Summary of The Tinkerers

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The Tinkerers book summary
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Rating

7

Qualities

  • Comprehensive
  • Innovative
  • Engaging

Recommendation

This light reading from journalist Alec Foege is enjoyable if you start with the right expectations: it is not intended to be an in-depth exposition on innovation. Instead, it is an entertaining account of past and present innovators – some famous and others less so – but all equipped with a common urge to take things apart, mix them up and create something new. Despite the assets of this enjoyable book, Foege stumbles in two ways: His suggestion that America may or may not be facing a national crisis in creativity doesn’t come together cohesively enough and his paradoxical assertion that American people are innately more creative than other people would be maddening if it weren’t pretty easy to dismiss. Nevertheless, Foege’s random but interesting stories offer valuable insights into ways that schools, organizations and government agencies can encourage, support and accelerate innovation in education, commerce and public affairs. getAbstract suggests this accessible, sometimes even fun, book to business leaders, parents, educators and policy makers.

About the Author

Journalist Alec Foege founded Brookside Research LLC. He has written four books, including Right of the Dial: The Rise of Clear Channel and the Fall of Commercial Radio.

 

Summary

“What If?”

If you could attribute any country’s development to inventiveness and creativity, the United States might be that country. From the Founding Fathers – George Washington, Thomas Jefferson, Benjamin Franklin and Alexander Hamilton – to modern-day innovators such as Bill Gates, founder of Microsoft, or Dean Kamen, inventor of the Segway, American “tinkering” has helped produce a unique form of government and history’s largest economy. Even at the amateur level, invention has long been a national obsession, whether in mechanics, design or, more recently, “virtual tinkering” on computers.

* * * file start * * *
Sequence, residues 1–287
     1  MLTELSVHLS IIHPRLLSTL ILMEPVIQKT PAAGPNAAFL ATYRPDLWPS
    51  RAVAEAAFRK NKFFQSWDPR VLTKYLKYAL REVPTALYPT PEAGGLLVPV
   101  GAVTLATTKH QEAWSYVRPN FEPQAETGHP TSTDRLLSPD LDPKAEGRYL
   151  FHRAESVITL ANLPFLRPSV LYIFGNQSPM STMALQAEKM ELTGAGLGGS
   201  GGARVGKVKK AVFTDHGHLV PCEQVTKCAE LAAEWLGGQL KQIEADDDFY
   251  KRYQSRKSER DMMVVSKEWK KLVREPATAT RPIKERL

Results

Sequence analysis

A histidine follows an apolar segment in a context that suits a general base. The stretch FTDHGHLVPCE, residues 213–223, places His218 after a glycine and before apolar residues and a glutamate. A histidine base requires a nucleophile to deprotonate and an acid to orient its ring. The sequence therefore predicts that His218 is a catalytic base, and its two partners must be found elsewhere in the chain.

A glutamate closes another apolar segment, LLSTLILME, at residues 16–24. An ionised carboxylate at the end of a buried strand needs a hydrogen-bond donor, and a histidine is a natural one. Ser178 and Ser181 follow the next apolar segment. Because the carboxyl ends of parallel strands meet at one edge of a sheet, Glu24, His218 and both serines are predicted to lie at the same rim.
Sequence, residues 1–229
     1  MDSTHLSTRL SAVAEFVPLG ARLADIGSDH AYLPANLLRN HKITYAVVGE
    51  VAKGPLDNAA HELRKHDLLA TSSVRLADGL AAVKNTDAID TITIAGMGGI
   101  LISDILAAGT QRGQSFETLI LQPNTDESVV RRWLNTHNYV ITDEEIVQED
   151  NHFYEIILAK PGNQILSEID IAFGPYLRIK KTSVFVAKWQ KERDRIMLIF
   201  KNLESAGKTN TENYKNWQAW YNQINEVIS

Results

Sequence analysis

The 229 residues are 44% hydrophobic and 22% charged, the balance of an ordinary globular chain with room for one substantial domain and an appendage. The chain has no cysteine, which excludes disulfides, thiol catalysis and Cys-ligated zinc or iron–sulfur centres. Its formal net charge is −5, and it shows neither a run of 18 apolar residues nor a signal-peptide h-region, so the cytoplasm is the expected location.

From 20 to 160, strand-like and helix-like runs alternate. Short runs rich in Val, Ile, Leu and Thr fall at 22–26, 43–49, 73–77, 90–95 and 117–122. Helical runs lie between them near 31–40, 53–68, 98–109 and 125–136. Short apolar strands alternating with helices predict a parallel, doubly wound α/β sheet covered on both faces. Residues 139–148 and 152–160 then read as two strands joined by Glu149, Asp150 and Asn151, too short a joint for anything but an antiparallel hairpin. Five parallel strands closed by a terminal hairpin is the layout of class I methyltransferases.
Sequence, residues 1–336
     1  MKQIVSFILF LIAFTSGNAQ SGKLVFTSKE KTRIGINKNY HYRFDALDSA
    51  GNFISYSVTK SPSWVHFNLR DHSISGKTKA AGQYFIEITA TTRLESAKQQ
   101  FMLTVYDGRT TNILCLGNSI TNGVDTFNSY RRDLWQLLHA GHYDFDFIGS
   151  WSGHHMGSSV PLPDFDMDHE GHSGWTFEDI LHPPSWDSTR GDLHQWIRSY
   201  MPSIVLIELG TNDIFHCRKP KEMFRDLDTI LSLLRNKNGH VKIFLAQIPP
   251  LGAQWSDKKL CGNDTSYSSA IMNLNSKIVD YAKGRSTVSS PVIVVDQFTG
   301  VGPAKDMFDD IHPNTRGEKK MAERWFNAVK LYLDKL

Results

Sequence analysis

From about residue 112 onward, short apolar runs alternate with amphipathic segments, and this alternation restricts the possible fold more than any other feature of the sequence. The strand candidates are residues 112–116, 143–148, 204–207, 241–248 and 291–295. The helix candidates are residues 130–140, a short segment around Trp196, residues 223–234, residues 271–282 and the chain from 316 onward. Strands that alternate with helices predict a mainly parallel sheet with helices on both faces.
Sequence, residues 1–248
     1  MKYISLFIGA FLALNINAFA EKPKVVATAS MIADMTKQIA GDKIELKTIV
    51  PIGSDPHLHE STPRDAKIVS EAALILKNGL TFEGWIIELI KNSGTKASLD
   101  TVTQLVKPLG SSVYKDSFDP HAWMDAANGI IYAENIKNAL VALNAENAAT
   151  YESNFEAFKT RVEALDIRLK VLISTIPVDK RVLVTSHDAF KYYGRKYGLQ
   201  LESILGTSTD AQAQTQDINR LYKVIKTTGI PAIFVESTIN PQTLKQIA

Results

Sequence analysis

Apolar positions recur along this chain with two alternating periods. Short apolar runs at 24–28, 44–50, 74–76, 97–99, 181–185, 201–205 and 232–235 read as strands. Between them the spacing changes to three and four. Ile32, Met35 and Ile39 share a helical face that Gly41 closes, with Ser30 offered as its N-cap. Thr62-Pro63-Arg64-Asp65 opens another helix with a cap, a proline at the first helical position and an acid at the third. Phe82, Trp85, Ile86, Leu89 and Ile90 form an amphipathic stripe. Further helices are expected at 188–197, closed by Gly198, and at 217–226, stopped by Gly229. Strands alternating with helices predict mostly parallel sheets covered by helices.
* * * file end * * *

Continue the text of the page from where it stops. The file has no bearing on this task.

Yet in today’s era of short-term thinking and risk avoidance, corporations and governments no longer fund pure experimentation as they once did. Even the labels on consumer products explicitly warn buyers not to tamper (or tinker) with the merchandise or the mechanisms inside. Today’s popular gizmos are so complicated that few people are inclined to look inside their plastic cases to see how they work.

American education’s fixation on standardized test scores has leached creativity and experimentation from the classroom. At home, busy parents schedule their children’s ...


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